From Script Supervisor Mary Carlson:

"I was so sad about Heather. She was such a cool person. She was the most mature actor we had on the set(except the older lady who said “into the light..” I forget her name now. She was cool too). Every morning she’d ask Gary “How were the dailies?”. She’d be there on set, on time, paying attention, knowing all her lines…very cool person to work with."




My sister was working on the [1981] movie  "Pennies from Heaven." I was having lunch in the commissary, and Steven Spielberg came over and asked me if I did any acting. I didn't know who he was or anything. I went to his office and he wanted me to be afraid of this pink fish and this purple pig and all that and I left. And he told me to come back the next day. I had to scream and cry and all that and I told him I couldn't handle much more, and he thought I was too young. It was a part for a 6 year old and I was only 5. But then he said later that I got the part. Just being lucky, I guess. Because I don't know what it was he saw in me.

The first one I saw 12 times. The second one I only saw twice because I didn't think it was too great. It was a very disorganized movie. The director, Brian Gibson, was English. We would only get one scene done per day. I just thought it was too boring. You could fall asleep. It didn't excite me, it didn't even scare me. I don't think it would scare anyone. Steven Spielberg and Gary Sherman are really great directors. This one is much more like the first one. I think it's the best.

The first one really kept you going. It was exciting. Well, after you see it a lot of times, it isn't so much. But the first time you see it, it really jumps you. Scares you.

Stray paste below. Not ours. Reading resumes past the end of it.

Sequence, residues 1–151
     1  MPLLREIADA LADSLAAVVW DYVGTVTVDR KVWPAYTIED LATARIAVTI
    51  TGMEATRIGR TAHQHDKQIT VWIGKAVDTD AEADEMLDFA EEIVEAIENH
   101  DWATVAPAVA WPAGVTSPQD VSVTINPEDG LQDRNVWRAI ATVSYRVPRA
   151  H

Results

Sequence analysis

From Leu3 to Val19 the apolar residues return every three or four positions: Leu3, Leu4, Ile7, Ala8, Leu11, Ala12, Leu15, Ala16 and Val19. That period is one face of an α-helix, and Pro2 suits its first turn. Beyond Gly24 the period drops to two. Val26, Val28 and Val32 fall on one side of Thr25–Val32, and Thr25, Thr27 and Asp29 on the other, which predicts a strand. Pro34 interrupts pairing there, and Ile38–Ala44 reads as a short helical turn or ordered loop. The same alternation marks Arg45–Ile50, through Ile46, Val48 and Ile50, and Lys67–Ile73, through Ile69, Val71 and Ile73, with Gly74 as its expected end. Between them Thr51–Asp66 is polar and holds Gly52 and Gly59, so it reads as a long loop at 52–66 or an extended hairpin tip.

[On whether the scary stuff in the films had any lasting effect]

No, that doesn't happen.

[On whether she believed in any of the supernatural events depicted]

Well, you see, I've never had any experience with that, so it's kind of hard to say.

[Was she afraid of the dark or the thing under her bed?]

I've kind of outgrown that.

[Commenting on her recent day off]

We went shopping. At the Water Tower. I got some electronic games. We took videos.

I want to continue acting. But I want to be a director. I'd been thinking about it for a while. A couple of years ago, I decided it would be a different experience to work behind the camera. And I'd be able to work on scripts. But I like acting a lot. It's fun. You meet a lot of people.

[On the grueling experience of filming P3, including the SFX makeups]

It was awful. I'm kind of glad it's over with. I couldn't even stand looking at myself in the mirror. It seems like it's gone by so quickly. It's been a great crew. So it's kind of disappointing that it's ending. But I do hope to do a different character some day. I'm tired of this one, kind of.

If there is a sequel, a "Poltergeist IV," I hope it's the last.


(The above statements are quote excerpts from the June, 1988 "Chicago Tribune" article "O'Rourke remains the image of innocence," written by Peter Keough, as well as a 1988 "Cinefantastique" article by Kim Howard Johnson)

(above, Heather and P3 director Gary Sherman)


Here are two video links from the Heather O'Rourke Memorial Site on Heather's passing. The first is a summary of the CBS, NBC, and ABC reports on her death. The second is the "Current Affair" report on her passing: